Emilie Ogez, Flickr Creative Commons
I’ve hit a wall. I find myself going over what I’ve written–endlessly adding and subtracting–to avoid figuring out what happens next. Occasionally I eek out a few new paragraphs…but mostly, I procrastinate. I even came up with an idea for a totally different book, and have been forcing myself not to just move on to a new project.
I’m at that point where I’ve established the love interest, set up a roadblock, and now I’m figuring out how to keep it going for 40,000 more words. Part of the problem is that I instinctively hate when I feel like a story is being dragged out. When I watch old school sitcoms where a problem could be solved if the people on the show would just talk to each other, I bristle. I sigh. I turn the channel.
So how do I move the story along, keep up conflict, and not hate myself in the morning?
If I knew the answer, I wouldn’t be writing this post.
Flickr Creative Common, mediamolecule
I write a lot about the business of digital publishing for my day job. With some regularity, I find myself writing about the wonderful world of self-publishing and railing against the gatekeepers–otherwise known as editors and publishers. But the non-work me still wants an editor to say, “Yes, this is good. I will take it to my boss, fight for it, and put my company’s massive resources behind publishing and marketing it.” More importantly, I kind of want to walk into a store and find my book on a shelf. Continue reading
Kenneth Garcia, Flickr Creative Commons
Part of this project is about getting feedback from you, the reader. This is a learning process after all. I want to hear from the experts–the readers–about what they like and don’t like. How is the pacing? Are the characters likable? So here it is: Chapter 1.
Let me have it! And, please, remember to share this with your friends. The more feedback I get, the better. Continue reading
Torley, Flickr Creative Commons
Part of the appeal of this project for me was learning to write in a more structured way. I usually just wing it, but not this time… To that end, I keep Googling things like “how to write a romance novel.” One of the top answers to that question comes from the PBS POV documentary Guilty Publishers. Romance novelist Gill Sanderson gives some tips on how to write a romance, and there seems to be a lot of outlining involved.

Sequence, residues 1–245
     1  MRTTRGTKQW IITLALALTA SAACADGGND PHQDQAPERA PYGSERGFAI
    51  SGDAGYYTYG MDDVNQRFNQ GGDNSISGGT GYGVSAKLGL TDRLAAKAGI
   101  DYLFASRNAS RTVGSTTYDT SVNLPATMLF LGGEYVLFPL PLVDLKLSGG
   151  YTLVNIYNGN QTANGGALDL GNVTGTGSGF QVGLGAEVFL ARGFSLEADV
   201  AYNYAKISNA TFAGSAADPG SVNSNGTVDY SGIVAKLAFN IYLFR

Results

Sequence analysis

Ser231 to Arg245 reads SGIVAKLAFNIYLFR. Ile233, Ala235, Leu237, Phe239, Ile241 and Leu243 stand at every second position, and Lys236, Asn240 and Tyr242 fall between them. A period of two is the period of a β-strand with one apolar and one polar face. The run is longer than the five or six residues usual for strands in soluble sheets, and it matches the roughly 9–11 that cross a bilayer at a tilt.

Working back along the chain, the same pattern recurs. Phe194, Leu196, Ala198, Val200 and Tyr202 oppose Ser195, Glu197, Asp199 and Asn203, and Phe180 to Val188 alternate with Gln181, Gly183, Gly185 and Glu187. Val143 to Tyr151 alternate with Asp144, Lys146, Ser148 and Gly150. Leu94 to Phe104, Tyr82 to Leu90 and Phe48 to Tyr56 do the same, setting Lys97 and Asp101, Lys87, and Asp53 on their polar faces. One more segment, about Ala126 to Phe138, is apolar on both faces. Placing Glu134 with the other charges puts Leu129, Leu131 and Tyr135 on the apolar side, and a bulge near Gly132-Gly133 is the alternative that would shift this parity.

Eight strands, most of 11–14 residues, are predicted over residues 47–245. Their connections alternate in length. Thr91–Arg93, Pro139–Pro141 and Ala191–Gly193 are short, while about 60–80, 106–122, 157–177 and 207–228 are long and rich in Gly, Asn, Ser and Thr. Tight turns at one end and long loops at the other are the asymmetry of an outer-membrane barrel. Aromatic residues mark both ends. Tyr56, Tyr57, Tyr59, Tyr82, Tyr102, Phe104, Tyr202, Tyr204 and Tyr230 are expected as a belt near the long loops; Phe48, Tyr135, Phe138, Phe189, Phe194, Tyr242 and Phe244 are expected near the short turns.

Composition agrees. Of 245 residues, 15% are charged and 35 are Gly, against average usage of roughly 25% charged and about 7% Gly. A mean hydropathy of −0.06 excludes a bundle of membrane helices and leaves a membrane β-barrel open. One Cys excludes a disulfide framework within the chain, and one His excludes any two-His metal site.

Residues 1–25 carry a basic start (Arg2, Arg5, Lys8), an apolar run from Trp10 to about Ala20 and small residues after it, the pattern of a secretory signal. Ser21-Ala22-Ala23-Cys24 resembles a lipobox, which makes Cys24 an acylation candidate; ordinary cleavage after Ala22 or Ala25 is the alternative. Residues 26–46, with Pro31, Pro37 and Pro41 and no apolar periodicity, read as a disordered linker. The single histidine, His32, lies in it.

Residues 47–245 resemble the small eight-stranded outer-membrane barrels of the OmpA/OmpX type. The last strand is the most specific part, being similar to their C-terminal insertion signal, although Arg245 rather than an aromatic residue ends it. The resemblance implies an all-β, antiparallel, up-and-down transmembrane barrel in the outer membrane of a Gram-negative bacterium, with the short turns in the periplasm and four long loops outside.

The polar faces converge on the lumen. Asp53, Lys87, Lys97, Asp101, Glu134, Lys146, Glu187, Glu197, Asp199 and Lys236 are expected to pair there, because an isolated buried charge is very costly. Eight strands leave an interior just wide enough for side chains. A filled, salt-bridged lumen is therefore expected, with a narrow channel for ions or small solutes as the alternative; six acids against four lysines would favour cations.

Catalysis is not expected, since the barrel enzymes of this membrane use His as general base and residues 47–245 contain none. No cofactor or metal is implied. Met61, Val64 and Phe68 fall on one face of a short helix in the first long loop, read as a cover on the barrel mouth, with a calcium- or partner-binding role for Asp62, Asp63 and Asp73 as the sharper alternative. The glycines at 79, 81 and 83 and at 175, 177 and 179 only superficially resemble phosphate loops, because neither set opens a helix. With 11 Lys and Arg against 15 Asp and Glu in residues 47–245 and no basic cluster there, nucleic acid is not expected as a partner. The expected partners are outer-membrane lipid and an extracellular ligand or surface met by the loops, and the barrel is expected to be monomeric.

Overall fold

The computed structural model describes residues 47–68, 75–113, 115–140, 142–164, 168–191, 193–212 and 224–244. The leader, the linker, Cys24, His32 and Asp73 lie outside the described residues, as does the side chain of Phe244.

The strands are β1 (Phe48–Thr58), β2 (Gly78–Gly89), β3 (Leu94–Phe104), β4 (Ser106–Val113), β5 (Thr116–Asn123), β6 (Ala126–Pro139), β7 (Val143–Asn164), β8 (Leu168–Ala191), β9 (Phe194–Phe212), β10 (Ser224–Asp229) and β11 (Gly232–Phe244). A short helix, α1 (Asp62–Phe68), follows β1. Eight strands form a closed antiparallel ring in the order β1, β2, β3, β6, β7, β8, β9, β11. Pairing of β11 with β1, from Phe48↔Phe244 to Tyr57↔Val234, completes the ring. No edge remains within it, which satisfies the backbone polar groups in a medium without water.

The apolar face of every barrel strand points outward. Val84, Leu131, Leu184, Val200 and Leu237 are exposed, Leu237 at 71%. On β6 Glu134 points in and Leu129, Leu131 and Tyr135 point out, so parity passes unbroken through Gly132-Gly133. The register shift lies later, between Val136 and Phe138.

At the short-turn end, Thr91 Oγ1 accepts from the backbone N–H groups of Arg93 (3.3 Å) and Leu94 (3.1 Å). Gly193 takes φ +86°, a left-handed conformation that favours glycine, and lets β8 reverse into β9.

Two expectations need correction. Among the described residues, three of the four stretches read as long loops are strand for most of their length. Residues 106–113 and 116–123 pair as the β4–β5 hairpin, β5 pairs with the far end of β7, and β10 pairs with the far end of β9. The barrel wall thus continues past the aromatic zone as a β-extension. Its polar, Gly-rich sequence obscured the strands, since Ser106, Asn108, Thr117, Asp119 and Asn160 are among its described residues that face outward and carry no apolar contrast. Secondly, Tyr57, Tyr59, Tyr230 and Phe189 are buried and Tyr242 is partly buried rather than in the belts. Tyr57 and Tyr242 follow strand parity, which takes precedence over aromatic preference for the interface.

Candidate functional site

Considering I’ve already written a couple of chapters, I don’t think I can follow Gill’s advice to the letter, but I can take a step back and follow that first little piece of advice:
- Write a hundred-word outline of your story. You can think about it for a week, but writing it will only take an afternoon. Establish hero and heroine, names (important!), jobs, characters. Set the time and place. Are you going to write sweet, passionate, mysterious, religious, supernatural? Decide. Last and most important, what is the problem that is keeping your hero and heroine apart?
So here it goes: Continue reading
I started writing last week. I don’t know how much of it I will keep, or trash, or change, but I decided I needed to sit down and get some words on a page. So I took my laptop to the nearby Barnes and Noble, I ordered a chai, and I started typing.
Playing the Hero, JD Hanckock, Flickr Creative Commons
For the time being, I decided to set our story on a fictional New England island. (I had to do some research about lobster boats and other kinds of fishermen.) Setting the scene with a (not totally fleshed out heroine) was relatively easy, but when it came to bringing our hero into the scene…well, I stumbled. It’s easy to dream up a number of different characters, but what isn’t so easy is setting up conflict that will keep the story moving. Continue reading
I’ve been learning a lot during this romance writing process, including that “Romance” is not a comprehensive term. There are many, many (many…) sub-genres. Harlequin makes it pretty easy to understand the difference. Here’s a taste:
Any real estate agent will tell you, “It’s all about location, location, location!” Perhaps that’s the reason the first question I want to answer in regards to this book is where it will take place. I can say one thing for certain, it will be New England.
Write what you know, that’s what our teachers all told us, right? I find the vast expanses of Wyoming and Montana as romantic as the next person, but I don’t know much about those places. Other than a roadtrip to Yellowstone as a kid, I haven’t spent any time there. I have a big enough learning curve when it comes to writing a romance that I don’t think I want to have to constantly be double-checking facts about my setting.
More importantly, I love New England. I love the coast and the mountains. I love the colors in the autumn and the first flakes in winter. I love the old houses and the family farms that still dot the landscape. It’s hard to imagine any place more perfect for a romance. Continue reading